Boxer Tommy "Killer" McCoy can duck from a punch but one thing he can't dodge is bookies rigging matches. On the night of his biggest fight, he's supposed to take a dive. If he doesn't, he may never again see his father or the woman he loves alive.
Boxer Tommy "Killer" McCoy can duck away from a foe's haymaker punch but one thing he can't dodge is bookies eager to rig matches. Now, on the night of his biggest fight, Tommy's supposed to take a dive. If he doesn't, a gambler warns, he may never again see his father or the woman he loves alive. Continuing his move into more assertive roles, Robert Taylor laces up the gloves for the fisticuffs and melodrama of a film that, per one of its taglines, "puts the MAN in romance." The cast is one any male in Hollywood would be glad to have in his corner: Frank Morgan, Edward Arnold, Jane Wyman, Lionel Stander and Maureen O'Sullivan, who teamed with Taylor just months before in A Yank at Oxford.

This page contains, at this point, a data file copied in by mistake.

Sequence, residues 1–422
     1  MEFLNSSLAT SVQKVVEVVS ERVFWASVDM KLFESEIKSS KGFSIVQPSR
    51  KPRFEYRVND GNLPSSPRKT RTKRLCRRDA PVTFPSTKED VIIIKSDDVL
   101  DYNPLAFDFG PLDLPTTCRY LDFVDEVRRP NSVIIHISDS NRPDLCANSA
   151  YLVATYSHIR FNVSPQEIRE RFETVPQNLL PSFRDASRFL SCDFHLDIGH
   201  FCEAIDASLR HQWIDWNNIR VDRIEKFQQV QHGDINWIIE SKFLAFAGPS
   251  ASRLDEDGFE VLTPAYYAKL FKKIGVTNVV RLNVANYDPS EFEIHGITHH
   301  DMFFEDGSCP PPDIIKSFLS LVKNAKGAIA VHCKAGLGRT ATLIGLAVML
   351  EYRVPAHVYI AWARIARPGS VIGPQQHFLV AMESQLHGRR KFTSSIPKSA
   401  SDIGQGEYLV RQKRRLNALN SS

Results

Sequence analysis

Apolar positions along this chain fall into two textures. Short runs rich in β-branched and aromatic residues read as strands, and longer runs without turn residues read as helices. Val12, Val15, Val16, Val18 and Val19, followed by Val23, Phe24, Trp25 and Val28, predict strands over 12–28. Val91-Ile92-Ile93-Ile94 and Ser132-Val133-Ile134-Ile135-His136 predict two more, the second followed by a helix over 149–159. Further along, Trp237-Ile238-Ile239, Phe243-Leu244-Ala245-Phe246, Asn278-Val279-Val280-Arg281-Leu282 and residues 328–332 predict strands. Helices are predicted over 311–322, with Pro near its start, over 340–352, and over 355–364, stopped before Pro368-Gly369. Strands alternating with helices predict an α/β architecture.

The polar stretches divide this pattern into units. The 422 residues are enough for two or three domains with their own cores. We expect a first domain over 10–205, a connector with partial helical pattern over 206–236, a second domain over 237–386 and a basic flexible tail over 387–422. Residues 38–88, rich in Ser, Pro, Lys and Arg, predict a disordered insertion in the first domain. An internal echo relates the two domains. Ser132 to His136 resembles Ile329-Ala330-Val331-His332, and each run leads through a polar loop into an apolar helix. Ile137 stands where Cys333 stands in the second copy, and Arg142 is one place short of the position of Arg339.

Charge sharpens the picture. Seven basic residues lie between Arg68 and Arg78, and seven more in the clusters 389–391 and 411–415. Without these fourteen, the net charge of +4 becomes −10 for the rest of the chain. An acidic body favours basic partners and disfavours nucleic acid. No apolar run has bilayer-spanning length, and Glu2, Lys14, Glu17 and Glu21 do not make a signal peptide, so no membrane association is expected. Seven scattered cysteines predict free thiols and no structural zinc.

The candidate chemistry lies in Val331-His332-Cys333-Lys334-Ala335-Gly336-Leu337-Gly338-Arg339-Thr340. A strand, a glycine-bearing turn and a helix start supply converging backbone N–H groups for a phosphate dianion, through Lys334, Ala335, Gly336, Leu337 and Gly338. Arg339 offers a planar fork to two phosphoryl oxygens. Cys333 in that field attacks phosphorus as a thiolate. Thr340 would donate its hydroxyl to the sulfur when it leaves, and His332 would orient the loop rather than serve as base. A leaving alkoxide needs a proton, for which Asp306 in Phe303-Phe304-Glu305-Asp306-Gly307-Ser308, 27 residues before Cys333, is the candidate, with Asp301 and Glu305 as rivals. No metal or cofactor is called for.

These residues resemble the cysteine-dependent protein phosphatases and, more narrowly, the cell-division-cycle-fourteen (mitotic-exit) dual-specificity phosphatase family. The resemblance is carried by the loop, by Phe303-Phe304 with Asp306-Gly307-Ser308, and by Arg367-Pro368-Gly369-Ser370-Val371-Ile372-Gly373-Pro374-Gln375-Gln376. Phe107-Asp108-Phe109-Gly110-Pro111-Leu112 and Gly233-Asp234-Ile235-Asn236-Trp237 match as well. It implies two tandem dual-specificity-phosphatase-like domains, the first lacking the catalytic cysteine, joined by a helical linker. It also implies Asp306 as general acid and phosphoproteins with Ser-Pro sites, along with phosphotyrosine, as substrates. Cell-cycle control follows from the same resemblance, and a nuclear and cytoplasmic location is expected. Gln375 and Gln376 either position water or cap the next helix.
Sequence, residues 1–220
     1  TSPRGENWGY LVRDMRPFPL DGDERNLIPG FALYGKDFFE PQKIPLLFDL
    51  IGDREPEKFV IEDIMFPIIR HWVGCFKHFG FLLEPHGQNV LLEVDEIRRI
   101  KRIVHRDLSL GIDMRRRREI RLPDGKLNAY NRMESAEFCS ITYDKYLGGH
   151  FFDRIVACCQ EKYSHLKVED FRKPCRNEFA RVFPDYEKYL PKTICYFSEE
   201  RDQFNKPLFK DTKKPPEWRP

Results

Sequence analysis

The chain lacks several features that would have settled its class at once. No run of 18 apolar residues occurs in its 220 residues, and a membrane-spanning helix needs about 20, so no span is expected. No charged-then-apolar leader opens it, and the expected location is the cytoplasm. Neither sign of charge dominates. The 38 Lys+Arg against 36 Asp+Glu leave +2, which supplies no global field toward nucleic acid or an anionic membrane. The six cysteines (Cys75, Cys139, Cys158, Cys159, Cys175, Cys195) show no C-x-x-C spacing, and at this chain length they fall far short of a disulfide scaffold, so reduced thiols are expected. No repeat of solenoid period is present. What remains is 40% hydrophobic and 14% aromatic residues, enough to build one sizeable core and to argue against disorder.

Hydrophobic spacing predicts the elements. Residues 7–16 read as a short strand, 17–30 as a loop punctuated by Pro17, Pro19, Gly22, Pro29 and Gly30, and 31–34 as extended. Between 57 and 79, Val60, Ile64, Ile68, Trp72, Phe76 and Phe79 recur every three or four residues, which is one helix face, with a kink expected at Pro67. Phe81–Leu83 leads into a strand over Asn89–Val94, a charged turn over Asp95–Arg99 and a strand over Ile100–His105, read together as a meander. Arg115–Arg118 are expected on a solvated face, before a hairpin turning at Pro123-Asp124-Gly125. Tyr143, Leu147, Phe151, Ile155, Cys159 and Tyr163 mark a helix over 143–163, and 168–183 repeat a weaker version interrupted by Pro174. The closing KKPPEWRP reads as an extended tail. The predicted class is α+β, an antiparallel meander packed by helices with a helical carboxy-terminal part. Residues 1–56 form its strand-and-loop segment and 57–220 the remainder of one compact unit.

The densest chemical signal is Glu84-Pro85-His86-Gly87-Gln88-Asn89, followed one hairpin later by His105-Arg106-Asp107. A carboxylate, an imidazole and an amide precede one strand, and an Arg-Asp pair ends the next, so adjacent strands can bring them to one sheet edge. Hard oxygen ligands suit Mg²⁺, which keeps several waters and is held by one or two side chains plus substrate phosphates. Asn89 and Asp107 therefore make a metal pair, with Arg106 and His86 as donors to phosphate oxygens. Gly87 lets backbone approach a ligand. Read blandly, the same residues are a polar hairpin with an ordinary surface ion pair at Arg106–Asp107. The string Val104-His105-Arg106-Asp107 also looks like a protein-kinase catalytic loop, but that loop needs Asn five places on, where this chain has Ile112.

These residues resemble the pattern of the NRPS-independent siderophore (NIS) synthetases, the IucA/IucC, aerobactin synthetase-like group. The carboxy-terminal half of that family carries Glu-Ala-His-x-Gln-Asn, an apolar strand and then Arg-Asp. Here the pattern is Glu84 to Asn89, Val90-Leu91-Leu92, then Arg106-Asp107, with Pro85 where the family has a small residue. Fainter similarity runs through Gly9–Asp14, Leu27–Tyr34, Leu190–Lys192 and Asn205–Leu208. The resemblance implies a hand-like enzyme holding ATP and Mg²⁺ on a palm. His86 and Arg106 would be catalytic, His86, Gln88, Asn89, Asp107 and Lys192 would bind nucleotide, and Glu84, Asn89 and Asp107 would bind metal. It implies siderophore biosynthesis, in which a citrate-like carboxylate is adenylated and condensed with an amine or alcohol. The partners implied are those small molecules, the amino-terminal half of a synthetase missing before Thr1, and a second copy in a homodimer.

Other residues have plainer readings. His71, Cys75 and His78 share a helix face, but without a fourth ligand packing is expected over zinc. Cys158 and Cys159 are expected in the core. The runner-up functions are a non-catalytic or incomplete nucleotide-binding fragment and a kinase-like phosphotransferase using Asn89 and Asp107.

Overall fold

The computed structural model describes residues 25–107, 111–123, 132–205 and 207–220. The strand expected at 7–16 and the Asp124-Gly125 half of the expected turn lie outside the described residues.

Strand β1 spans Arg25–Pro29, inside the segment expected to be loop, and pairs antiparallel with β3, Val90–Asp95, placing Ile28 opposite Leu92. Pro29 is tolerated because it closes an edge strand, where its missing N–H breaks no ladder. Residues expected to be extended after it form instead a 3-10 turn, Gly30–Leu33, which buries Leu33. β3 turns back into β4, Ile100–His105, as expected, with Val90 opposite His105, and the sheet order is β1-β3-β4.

Not a remake of the 1932 James Cagney vehicle of the same name, THE CROWD ROARS is set in the sweat-stained world of professional boxing. Handy with his fists, young Tommy McCoy (Robert Taylor) is virtually pushed into the ring by his alcoholic father Brian (Frank Morgan). During his climb to the championship, Tommy accidentally kills one of his opponents in the ring, and is thereafter tagged "Killer McCoy". He then falls in with crooked gambling czar Jim Cain (Edward Arnold), who uses various methods of persuasion to get Tommy to do his bidding. Though the film at first seems to holding the fickle fight fans responsible for the cesspool that professional boxing had become by 1938, the blame is ultimately laid squarely on the shoulders of men like Jim Cain. THE CROWD ROARS was remade by Mickey Rooney as KILLER MCCOY (1947).
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